The wood stove was a fixture of my childhood. “Hot” was my first word, accompanied by an emphatic “hands-off” motion. Until modesty eventually overcame us, my brother and I would get dressed near the stove on frigid winter mornings – its heat helped to make those painfully early, dark mornings more bearable.
I remember daring each other to touch the hot black cast iron for just a second before pulling our fingertips away and the joy of watching water spit and dance any time a drop of ice or snow landed on it. There was also a brief, thrilling chapter of spitting on the stove’s top to enjoy this effect before my mother made us stop.
|The wood stove in my parents’ kitchen with Dutch-inspired tile mural by my mom, Rosemary Fox, copyright 2011.|
When we got a little older, the care and feeding of the wood stove was added to our chores – stacking wood in the fall, carrying endless loads of wood inside to feed our stoves and fireplace, scooping the ashes out, dumping the bucket of ashes on the compost pile, and sweeping the ever-present mixture of bark, sawdust, dirt and ash from the hearth tiles.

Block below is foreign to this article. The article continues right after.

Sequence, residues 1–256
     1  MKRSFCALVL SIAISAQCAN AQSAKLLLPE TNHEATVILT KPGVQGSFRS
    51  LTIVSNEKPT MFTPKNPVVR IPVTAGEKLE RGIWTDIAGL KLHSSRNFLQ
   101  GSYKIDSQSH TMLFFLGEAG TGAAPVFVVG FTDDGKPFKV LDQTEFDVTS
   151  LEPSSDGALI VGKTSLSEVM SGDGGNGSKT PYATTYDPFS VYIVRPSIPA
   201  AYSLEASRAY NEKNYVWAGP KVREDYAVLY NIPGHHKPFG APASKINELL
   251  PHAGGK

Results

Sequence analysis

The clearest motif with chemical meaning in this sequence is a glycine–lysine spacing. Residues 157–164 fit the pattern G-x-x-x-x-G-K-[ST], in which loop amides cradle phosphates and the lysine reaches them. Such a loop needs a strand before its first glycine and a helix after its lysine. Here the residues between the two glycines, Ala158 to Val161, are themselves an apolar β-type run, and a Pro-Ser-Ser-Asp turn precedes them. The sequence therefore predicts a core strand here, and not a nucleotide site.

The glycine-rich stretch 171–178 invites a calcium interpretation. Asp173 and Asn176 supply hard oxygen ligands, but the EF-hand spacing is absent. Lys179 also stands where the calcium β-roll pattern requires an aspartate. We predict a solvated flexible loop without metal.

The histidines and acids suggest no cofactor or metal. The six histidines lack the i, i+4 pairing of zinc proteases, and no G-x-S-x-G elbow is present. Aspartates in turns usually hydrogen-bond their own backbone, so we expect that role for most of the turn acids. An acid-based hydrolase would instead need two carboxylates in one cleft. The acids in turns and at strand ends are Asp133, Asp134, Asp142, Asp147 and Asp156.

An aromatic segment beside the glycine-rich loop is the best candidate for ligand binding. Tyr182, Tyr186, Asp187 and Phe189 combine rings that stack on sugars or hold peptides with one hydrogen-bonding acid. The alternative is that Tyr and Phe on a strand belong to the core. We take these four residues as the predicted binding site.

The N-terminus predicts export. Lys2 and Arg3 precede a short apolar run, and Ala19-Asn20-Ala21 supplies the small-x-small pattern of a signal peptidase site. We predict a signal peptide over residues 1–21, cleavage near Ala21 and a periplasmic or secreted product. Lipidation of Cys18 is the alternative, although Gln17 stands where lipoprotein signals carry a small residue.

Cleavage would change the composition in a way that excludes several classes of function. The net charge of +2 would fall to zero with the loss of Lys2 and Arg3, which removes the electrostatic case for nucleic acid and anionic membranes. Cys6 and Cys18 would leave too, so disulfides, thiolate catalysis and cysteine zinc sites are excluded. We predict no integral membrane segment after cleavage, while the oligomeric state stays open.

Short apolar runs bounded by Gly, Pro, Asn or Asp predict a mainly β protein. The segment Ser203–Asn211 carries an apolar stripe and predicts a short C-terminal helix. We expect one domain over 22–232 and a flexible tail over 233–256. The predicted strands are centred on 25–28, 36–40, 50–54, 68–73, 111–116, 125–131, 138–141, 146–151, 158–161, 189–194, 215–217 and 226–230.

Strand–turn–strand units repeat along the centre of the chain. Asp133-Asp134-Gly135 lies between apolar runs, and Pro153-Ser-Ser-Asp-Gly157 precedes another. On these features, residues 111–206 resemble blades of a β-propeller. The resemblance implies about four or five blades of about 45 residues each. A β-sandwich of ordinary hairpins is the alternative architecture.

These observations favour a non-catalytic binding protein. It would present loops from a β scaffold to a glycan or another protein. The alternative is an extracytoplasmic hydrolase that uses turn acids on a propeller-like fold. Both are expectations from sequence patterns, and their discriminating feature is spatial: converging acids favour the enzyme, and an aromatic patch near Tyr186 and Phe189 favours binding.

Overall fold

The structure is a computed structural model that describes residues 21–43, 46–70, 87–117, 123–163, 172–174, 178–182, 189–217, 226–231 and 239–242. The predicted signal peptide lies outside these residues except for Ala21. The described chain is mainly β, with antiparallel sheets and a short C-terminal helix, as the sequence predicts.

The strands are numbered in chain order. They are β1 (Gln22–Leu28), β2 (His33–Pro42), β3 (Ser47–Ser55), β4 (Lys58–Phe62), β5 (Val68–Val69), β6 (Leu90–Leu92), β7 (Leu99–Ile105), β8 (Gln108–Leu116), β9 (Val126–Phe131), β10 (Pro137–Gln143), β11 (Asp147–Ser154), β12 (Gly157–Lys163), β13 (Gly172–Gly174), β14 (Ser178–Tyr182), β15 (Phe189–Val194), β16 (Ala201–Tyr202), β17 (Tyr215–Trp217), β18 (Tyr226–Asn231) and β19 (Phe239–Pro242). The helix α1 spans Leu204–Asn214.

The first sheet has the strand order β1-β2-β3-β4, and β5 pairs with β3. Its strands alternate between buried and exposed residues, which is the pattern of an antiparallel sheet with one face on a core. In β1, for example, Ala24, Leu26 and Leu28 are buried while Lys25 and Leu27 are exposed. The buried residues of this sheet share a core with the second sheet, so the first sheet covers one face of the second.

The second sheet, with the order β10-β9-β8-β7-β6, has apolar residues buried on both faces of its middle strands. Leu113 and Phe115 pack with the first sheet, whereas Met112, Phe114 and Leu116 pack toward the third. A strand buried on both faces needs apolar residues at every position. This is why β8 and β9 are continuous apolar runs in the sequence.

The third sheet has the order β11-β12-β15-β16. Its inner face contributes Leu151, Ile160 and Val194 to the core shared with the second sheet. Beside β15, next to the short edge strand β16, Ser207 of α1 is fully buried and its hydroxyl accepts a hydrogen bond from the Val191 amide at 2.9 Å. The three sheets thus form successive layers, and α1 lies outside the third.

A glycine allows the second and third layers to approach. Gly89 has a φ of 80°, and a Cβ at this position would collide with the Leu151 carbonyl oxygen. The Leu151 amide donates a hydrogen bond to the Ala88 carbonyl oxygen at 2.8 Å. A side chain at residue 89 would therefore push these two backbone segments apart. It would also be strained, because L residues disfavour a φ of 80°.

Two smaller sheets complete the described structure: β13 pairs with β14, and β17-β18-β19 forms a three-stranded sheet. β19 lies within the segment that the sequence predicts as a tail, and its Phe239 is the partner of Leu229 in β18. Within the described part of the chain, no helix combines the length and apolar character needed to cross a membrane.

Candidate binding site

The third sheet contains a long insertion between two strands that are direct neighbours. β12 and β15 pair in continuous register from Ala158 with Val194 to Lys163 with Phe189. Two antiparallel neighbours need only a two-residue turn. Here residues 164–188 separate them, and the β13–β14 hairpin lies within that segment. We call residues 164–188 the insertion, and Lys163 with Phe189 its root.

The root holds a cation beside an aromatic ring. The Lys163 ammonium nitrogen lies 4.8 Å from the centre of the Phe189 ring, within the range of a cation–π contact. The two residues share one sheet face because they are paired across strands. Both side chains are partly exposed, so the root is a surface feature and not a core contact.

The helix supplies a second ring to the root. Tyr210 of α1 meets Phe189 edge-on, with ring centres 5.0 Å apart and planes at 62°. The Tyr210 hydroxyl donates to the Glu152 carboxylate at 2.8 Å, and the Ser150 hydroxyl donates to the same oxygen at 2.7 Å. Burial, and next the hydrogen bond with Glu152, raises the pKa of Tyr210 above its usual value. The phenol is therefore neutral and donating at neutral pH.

But I never realized you could cook in the wood stove until I watched a friend’s mom wrap some sweet potatoes in tin foil and toss them into the coals when I was over for dinner. Why hadn’t we ever thought of that?!
It’s been at least 20 years since that aha moment but the idea came back to me the other night when we were casting about for something easy to make for dinner. I sliced up two eggplants, rubbed each slice with olive oil, sea salt and pepper, then layered on some homemade garlic scape pesto that we’d frozen and smeared on some tomato paste.
Then I wrapped them each in several layers of tinfoil (unless it’s ripped or covered with something really yucky like fish skin, we wash this and reuse it.)
We popped open the stove door, raked the coals into a nice cozy bed and placed the little eggplant zeppelins on them. We got out the big tongs we use for the grill and flipped the eggplants a few times to ensure even cooking.
After about 20 minutes, they were done. We took them out of the stove, all covered in ashes, and opened the steaming packages up.
The eggplant was perfect – tender and flavorful. I topped the slices with crumbled feta cheese and drizzled them with a little olive oil. It tasted divine and the clean up was minimal, too. If you use a wood stove or fireplace, give this a whirl. Happy new year, all!
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- Roasted Eggplant & Tomato Gratin
- Grilled Eggplant Stacks with Tomato, Feta & Basil
- Provençal Vegetable Tian